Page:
Mike Moran

By Mike Moran

When Your Marketing Needs Machine Learning

When Your Marketing Needs Machine Learning 150 150 Mike Moran

 

 

Machine learning seems to be the flavor of the week, so I’ve been getting a lot of questions from clients who want to know what they should know. And some requests for some kind of magic that sounds like, “Can you ladle out a dollop of that machine learning on this?”

So, first off, machine learning is a kind of artificial intelligence–that sounds lofty, but what it really means is that it provides a way for computers to solve problems that they weren’t explicitly programmed to solve. Standard software can solve a problem because a programmer researched the problem, talked to experts, and designed a solution to that particular problem. Machine learning allows computers to tackle a range of problems that the programmers and the experts wouldn’t necessarily know how to solve on their own.

Let’s take an example. I’ve designed a machine learning system for a company that performs sentiment analysis for social media conversations–such as whether a tweet is positive or negative. Now, human beings can identify sentiment accurately around 89% of the time (yes, that low), but standard software is much worse–maybe 60%–because it is hard to code a set of rules that cover all the cases. This machine learning solution is actually more accurate than human beings at times.

How does it do that? It collects training data from what the human beings decide and it looks for patterns that help it identify which tweets are more likely to be positive or negative. With enough training data, it can do a better job than a person. And it is certainly much faster and cheaper.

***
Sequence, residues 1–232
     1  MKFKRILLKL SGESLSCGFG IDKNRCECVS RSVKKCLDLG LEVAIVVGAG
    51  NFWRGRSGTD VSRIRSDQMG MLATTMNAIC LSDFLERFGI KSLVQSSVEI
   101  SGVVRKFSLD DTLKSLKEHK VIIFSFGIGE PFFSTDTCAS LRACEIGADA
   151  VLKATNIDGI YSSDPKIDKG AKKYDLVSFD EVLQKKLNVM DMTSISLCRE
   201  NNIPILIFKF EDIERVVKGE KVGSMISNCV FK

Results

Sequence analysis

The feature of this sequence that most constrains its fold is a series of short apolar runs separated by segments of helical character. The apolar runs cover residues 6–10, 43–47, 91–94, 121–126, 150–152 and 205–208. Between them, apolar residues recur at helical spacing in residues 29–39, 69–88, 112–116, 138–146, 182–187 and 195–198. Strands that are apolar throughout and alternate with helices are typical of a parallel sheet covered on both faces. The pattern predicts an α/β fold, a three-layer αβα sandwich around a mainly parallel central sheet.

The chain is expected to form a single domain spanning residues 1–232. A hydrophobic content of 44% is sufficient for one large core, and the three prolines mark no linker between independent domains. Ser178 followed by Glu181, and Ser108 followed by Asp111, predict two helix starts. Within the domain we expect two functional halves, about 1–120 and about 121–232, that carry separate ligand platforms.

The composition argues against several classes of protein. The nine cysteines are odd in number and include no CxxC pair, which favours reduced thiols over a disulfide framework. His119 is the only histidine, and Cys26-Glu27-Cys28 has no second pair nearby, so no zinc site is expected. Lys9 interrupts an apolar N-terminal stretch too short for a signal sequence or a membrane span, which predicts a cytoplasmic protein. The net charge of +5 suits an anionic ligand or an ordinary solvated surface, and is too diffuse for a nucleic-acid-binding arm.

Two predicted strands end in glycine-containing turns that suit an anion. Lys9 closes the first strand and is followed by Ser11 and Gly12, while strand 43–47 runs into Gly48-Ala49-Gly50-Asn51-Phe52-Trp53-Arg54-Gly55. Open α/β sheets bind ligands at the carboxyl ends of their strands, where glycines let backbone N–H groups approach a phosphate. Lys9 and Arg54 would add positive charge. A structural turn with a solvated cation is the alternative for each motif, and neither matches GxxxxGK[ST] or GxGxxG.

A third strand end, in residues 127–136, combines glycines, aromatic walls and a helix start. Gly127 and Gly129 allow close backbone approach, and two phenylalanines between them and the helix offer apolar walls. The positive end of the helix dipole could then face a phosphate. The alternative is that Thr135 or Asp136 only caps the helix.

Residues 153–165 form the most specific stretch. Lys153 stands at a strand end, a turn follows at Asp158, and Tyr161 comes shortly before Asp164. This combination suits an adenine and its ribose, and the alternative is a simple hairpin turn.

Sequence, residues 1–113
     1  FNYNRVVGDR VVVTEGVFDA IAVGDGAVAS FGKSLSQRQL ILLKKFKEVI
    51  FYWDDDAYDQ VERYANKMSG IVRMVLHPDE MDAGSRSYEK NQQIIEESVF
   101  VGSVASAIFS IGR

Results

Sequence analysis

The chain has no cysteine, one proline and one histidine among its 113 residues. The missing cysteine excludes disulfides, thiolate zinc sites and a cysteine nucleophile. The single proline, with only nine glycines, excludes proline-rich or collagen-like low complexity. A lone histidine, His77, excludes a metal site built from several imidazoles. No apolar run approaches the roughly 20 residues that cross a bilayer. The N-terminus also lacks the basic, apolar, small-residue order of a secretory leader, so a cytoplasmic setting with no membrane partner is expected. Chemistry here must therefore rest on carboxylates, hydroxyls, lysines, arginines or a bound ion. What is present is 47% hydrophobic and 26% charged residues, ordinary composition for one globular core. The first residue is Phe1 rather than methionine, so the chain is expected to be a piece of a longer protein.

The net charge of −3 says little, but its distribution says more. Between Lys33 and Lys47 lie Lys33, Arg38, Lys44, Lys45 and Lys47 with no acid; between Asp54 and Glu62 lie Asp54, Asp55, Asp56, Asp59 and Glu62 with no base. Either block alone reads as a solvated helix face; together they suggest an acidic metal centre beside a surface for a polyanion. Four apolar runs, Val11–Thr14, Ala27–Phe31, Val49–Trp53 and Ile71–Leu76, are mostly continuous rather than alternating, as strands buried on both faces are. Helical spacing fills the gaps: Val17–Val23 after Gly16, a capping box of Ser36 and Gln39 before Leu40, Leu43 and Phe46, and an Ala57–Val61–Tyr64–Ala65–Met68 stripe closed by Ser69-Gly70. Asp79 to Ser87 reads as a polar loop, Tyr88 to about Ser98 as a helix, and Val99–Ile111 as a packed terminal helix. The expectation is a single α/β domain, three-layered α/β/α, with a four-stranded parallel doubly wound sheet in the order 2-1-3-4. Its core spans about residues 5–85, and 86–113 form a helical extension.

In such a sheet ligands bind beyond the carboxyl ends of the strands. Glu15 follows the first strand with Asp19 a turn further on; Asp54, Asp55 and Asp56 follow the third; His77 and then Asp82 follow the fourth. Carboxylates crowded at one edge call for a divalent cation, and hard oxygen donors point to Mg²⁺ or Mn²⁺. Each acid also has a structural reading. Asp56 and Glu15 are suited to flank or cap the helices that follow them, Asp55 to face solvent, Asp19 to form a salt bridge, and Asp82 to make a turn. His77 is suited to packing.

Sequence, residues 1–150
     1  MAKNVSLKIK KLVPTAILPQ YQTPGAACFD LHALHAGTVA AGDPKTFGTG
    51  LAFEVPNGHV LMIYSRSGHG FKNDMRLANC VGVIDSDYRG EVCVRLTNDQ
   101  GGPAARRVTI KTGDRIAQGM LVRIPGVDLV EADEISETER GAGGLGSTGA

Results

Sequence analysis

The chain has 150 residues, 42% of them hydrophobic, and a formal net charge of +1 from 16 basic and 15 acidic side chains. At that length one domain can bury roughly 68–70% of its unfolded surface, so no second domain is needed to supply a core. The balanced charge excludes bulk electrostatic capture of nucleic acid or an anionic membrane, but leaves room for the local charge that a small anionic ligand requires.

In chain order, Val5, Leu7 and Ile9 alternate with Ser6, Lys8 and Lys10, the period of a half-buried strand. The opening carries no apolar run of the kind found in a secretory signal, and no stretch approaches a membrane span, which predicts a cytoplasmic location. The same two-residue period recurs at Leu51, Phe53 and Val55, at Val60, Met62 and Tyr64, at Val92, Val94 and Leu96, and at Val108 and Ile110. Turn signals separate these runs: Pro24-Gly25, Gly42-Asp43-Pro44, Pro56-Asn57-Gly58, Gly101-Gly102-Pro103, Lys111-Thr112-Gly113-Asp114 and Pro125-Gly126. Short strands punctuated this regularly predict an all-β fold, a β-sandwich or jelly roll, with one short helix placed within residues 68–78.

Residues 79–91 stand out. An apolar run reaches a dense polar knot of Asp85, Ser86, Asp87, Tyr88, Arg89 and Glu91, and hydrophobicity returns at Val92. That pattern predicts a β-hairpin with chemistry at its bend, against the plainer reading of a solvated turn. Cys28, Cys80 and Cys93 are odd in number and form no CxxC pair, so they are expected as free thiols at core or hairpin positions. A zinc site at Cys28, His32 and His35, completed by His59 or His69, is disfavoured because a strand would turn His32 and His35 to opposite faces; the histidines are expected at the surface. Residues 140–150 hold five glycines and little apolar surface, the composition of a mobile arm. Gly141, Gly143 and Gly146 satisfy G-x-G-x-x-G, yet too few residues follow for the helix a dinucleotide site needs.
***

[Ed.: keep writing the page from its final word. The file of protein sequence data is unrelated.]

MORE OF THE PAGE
So, of course you’d like such a technology applied to all sorts of marketing problems that you have. But you might not be ready. Recently, a client approached us, asking that we replace their human content approval system with a machine learning system. They explained that their current process takes each new web page and subjects it to the judgement of several human experts (legal, brand, product, and more) before it is approved to be promoted to the production website. The current process is frustrating and time consuming–often two weeks go by before the approvals are in hand. They desperately want to get the approval process to a day–or even minutes.

But they aren’t ready yet. Machine learning requires that you have very tight processes with well-defined tasks and a history of data that shows that human experts generally agree with each other (such as in the 89% sentiment agreement). This client had none of that–no written standards, experts who disagree, no records of prior decisions–so they weren’t ready yet.

That’s OK. We walked through how they can fix all of those problems over the next few months. Just doing those things will make the process more consistent, less frustrating, and a little faster. At that point, we can start thinking about machine learning to gain even more. It’s always important to provide business value at every step–even what seems like the preparation step.

So what are your thoughts on machine learning? Anytime something new comes along, it can be a personality test. Some people say “we don’t need that yet because it isn’t proven” and others say “we need to do that now and get a jump on the competition.” For machine learning, it’s best to analyze the situation and start preparing your processes to take advantage–because the day is coming where no one will say it isn’t proven yet.